Warner Bros.’ adaptation of Lin-Manuel Miranda’s Tony-winning musical In the Heights has been promoted as a long-overdue corrective to the underrepresentation of Latinos in Hollywood, yet during the film’s opening weekend, discussion trended online over the movie’s failure to accurately represent its namesake neighborhood’s Afro-Latino population.
On Monday afternoon (June 14), Miranda responded to the criticism. “I hear that without sufficient dark-skinned Afro-Latino representation, the work feels extractive of the community we wanted so much to represent with pride and job,” he wrote in a message posted to Twitter. “I’m learning from the feedback, I thank you for raising it, and I’m listening.”
Read Miranda’s full message below.
I started writing In the Heights because I didn’t feel seen.
And over the past 20 years all I wanted was for us – ALL of us – to feel seen.
I’m seeing the discussion around Afro-Latino representation in our film this weekend and it is clear that many in our dark-skinned Afro-Latino community don’t feel sufficiently represented within it, particularly among the leading roles.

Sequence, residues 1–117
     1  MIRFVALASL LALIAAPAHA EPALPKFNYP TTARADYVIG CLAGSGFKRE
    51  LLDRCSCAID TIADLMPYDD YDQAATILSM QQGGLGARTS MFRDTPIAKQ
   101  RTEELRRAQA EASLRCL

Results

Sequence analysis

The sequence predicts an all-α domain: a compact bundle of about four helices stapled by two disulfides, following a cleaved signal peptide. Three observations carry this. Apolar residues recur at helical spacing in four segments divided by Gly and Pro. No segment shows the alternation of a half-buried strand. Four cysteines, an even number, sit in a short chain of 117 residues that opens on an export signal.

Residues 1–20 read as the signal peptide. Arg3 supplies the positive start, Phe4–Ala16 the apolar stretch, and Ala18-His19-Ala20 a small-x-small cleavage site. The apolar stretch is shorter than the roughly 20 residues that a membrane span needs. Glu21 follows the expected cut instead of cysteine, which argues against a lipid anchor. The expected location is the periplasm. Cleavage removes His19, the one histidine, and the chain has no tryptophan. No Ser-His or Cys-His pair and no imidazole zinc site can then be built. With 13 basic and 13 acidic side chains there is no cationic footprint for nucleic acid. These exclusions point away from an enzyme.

I can hear the hurt and frustration over colorism, of feeling still unseen in the feedback.
I hear that without sufficient dark-skinned Afro-Latino representation, the work feels extractive of the community we wanted so much to represent with pride and joy.
In trying to paint a mosaic of this community, we fell short.
I’m truly sorry.
I’m learning from the feedback, I thank you for raising it, and I’m listening.
I’m trying to hold space for both the incredible pride in the movie we made and be accountable for our shortcomings.
Thanks for your honest feedback. I promise to do better in my future projects, and I’m dedicated to the learning and evolving we all have to do to make sure we are honoring our diverse and vibrant community.
This article was originally published by The Hollywood Reporter.
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